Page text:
When sirens sound, it’s too late to leave

Published 12:00 am Tuesday, April 19, 2011

County EMA director Susan Harris said if there’s one lesson learned after Saturday’s tornado, it’s this, “Have a plan before the sirens sound.”

“When the sirens went off, there were numerous calls to (the EMA office) and to 911 by people who lived in a mobile home who wanted to know where to go,” Harris said. “At that point, when the weather is on us and the sirens are sounding, there’s no way we can help them.”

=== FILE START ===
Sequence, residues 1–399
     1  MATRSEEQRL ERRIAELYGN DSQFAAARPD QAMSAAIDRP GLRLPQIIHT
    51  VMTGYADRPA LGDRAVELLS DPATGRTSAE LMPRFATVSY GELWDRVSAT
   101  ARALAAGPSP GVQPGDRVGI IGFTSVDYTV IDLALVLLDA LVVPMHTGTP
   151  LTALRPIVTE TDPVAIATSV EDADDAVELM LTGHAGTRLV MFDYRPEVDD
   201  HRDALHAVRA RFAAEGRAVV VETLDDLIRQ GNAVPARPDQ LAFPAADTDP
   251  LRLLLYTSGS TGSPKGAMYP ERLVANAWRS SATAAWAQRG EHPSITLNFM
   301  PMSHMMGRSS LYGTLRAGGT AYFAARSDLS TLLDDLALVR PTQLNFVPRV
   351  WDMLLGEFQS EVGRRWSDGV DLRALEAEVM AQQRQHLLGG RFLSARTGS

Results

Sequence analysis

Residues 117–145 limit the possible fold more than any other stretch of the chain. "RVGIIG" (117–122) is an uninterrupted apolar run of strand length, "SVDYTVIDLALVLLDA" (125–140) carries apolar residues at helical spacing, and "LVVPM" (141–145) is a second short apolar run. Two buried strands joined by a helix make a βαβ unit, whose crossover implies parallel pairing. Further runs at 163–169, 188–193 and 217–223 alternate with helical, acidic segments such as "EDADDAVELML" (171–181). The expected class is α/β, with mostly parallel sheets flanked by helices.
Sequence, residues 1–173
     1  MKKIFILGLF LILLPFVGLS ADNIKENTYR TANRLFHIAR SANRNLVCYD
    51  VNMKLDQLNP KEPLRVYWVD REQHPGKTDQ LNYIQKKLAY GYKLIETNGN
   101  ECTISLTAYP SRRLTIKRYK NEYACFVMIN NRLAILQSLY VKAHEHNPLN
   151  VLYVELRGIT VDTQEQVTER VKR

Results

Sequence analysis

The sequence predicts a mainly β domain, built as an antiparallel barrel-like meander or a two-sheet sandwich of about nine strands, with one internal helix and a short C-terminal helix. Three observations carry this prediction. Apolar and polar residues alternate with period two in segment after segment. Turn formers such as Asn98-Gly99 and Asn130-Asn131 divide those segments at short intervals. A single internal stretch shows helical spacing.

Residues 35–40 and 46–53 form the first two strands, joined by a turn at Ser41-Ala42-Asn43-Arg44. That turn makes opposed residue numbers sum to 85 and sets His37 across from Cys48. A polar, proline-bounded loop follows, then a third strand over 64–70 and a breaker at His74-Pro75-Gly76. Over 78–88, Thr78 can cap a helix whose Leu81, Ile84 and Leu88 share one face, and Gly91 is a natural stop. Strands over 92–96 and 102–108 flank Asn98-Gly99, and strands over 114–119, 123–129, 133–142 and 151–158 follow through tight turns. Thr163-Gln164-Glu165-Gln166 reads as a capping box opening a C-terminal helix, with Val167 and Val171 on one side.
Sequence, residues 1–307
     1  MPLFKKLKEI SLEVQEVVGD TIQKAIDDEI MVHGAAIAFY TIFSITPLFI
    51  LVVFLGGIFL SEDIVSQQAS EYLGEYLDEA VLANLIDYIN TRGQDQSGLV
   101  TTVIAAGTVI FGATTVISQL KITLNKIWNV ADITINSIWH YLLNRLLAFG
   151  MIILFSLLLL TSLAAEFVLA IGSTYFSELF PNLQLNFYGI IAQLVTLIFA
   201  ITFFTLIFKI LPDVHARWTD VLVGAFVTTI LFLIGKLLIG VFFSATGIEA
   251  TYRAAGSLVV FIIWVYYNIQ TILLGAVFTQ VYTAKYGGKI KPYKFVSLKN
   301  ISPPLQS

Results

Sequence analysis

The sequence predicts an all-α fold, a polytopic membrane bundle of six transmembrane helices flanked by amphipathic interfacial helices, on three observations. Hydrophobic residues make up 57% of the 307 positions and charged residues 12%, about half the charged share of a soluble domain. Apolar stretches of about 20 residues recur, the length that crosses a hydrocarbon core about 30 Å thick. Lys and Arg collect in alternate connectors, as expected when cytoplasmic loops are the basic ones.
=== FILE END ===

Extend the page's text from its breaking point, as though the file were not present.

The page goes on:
Harris said the event was a prime example of the importance of a disaster safety plan.

“You have to get a plan together of where to go – be it a neighbor’s house, family, somewhere safe – if you don’t feel comfortable where you are,” she said.

Harris explained in times of inclement weather, watches and warnings are issued.

“When we’re under a watch, no sirens sound, but you can tell the weather is going to get bad,” she said. “That’s when you should start paying attention to the weather by whatever means you use – television, radio, Internet.

“During a warning, the sirens go off every 10 to 15 minutes until the warning is over,” she said. “That is when you should start getting prepared.”

For more information on how to prepare a disaster safety plan, click here.